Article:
Day 5: Mostly Maintenance

One of the many things that makes riding a vintage motorcycle different than a newer model is the maintenance.  While you guys/gals on new bikes might go a whole riding season without making a single adjustment, my '33 Harley needs to be attended to on a daily basis.  The good news is that the maintenance is pretty basic.  You can essentially break down most of the tasks into one of two categories:  the first being lubrication and the second being mechanical adjustments.  That adds up to one saddlebag filled with hand tools and the other filled with various lubricants.

To start off, my bike was overdue for a valve adjustment.  If you've never worked on an engine before, that might sound a little intimidating, but actually it is a simple job.  All you need is a feeler gauge to check the gap between the end of the valve stem and the threaded adjuster.  To set the desired gap, you loosen the lock nut on the adjuster, rotate the adjuster to achieve the correct gap and then tighten the lock nut back down.   Since my bike was already on the center stand, I also went ahead and changed the oil, topped off my transmission fluid and went over all the fasteners I could get a wrench on.  That doesn't sound like much, but it still took a couple hours to complete.

It was around 11AM when both bikes were finally packed and ready to head out, so after filling up with gas the main focus was finding lunch.  Right on time, a BBQ joint was spotted on the horizon with wood smoke curling up behind it.  Nothing beats hickory smoked pork and as interesting as the special Paducah Dog sounded, I had to go with the BBQ sandwich.

After lunch we said goodbye to Kentucky and crossed over the Ohio River into the city of Cairo, Illinois.  Like it's namesake in Egypt, Cairo had once been a very prosperous city.  Located at the confluence of the Ohio and Mississippi Rivers, it was a major steamboat and railroad hub in the early 1900s.  Sadly those days are gone, but the impressive architecture still remains to harken back to better times.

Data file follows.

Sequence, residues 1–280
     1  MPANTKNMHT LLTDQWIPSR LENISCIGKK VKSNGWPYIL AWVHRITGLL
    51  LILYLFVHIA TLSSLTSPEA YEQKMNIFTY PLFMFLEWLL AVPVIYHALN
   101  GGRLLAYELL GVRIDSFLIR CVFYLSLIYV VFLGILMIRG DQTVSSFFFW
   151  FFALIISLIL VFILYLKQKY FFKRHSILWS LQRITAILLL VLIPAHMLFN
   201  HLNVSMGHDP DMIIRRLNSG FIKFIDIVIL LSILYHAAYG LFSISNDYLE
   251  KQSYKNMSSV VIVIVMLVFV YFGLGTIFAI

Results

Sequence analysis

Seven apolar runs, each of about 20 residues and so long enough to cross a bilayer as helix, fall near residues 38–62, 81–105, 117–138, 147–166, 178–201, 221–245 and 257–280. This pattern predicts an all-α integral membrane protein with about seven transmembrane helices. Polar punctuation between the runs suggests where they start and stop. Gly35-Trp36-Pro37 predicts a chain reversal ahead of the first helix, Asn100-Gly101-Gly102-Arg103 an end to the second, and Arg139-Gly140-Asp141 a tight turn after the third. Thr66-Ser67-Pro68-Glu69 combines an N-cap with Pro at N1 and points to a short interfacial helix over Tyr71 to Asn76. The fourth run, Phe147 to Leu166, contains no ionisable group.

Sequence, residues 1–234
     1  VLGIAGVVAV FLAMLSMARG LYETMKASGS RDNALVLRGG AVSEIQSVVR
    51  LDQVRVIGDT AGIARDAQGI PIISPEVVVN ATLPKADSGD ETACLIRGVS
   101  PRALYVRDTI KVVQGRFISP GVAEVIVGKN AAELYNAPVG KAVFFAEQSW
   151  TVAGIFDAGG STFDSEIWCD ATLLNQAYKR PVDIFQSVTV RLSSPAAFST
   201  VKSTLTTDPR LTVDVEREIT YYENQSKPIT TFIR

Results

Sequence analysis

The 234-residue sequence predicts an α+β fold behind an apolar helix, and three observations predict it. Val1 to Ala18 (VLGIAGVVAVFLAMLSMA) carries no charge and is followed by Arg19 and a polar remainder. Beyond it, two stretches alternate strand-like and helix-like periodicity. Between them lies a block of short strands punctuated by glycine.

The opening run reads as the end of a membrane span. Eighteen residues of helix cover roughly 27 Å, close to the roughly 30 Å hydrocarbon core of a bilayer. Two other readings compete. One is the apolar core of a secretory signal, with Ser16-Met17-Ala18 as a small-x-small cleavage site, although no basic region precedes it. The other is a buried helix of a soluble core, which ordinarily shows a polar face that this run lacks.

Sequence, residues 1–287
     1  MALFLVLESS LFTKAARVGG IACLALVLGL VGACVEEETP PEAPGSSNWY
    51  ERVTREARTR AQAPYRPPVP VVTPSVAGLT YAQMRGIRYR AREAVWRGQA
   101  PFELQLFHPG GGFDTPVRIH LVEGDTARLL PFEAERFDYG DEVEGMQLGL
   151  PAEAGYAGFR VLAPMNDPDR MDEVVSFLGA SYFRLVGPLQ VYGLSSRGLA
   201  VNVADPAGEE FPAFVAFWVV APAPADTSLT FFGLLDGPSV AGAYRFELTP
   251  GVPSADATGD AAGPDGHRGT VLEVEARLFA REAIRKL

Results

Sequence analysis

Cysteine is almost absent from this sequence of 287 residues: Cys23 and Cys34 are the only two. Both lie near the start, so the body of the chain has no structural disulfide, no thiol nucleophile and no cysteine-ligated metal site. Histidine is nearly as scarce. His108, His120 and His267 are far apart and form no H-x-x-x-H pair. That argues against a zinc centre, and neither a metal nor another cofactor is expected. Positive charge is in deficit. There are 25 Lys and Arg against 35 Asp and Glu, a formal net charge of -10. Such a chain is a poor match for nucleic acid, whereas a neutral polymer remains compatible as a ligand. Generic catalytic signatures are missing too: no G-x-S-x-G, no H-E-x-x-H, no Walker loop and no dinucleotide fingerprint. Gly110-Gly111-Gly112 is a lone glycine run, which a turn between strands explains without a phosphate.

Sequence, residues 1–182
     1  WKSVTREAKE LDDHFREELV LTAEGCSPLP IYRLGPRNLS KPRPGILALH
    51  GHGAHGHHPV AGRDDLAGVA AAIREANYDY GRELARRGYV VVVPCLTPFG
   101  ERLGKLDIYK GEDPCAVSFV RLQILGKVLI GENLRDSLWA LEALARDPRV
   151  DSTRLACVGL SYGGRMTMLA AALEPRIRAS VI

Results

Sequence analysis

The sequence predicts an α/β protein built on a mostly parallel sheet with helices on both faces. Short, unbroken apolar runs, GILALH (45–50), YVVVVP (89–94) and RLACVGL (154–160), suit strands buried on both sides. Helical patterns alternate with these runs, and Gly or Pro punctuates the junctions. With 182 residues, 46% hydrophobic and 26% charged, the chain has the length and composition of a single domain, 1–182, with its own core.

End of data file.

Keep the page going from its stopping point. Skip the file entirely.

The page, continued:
We were barely in Illinois for more than 30 minutes before we crossed over the Mississippi river and into Missouri.  The first town we came to was Sikeston, so we pulled off to pickup up a state map at the local Walmart.  Turns out the Walmart of Sikeston carried maps for every state that borders Missouri, but failed to stock a single map of Missouri!  While we poked at our phones trying to find where to go next, we got word that Sikeston is home to a restaurant called Lambert's Cafe.  I'd never heard of Lambert's, but they have the honor of being named the top place to "pig out" in America.  Sounded like a challenge to me and within the hour we had set up camp just outside of town at the Town and Country RV Park, making ready for a serious meal.

Lambert's did not disappoint with their huge portions and what they called "pass arounds".  Basically you ordered your meal (which was plenty big enough) and then while you ate, servers came by with additional side items that they happily mounded on your plate.  They also had large dinner rolls which they literally threw to the customers across the restaurant.  I left the restaurant more than stuffed and spent the rest of the evening in a mild food coma.

Only 120 miles today, but we ate so much food at Lambert's that we will make up the miles by not needing to eat for a few days.

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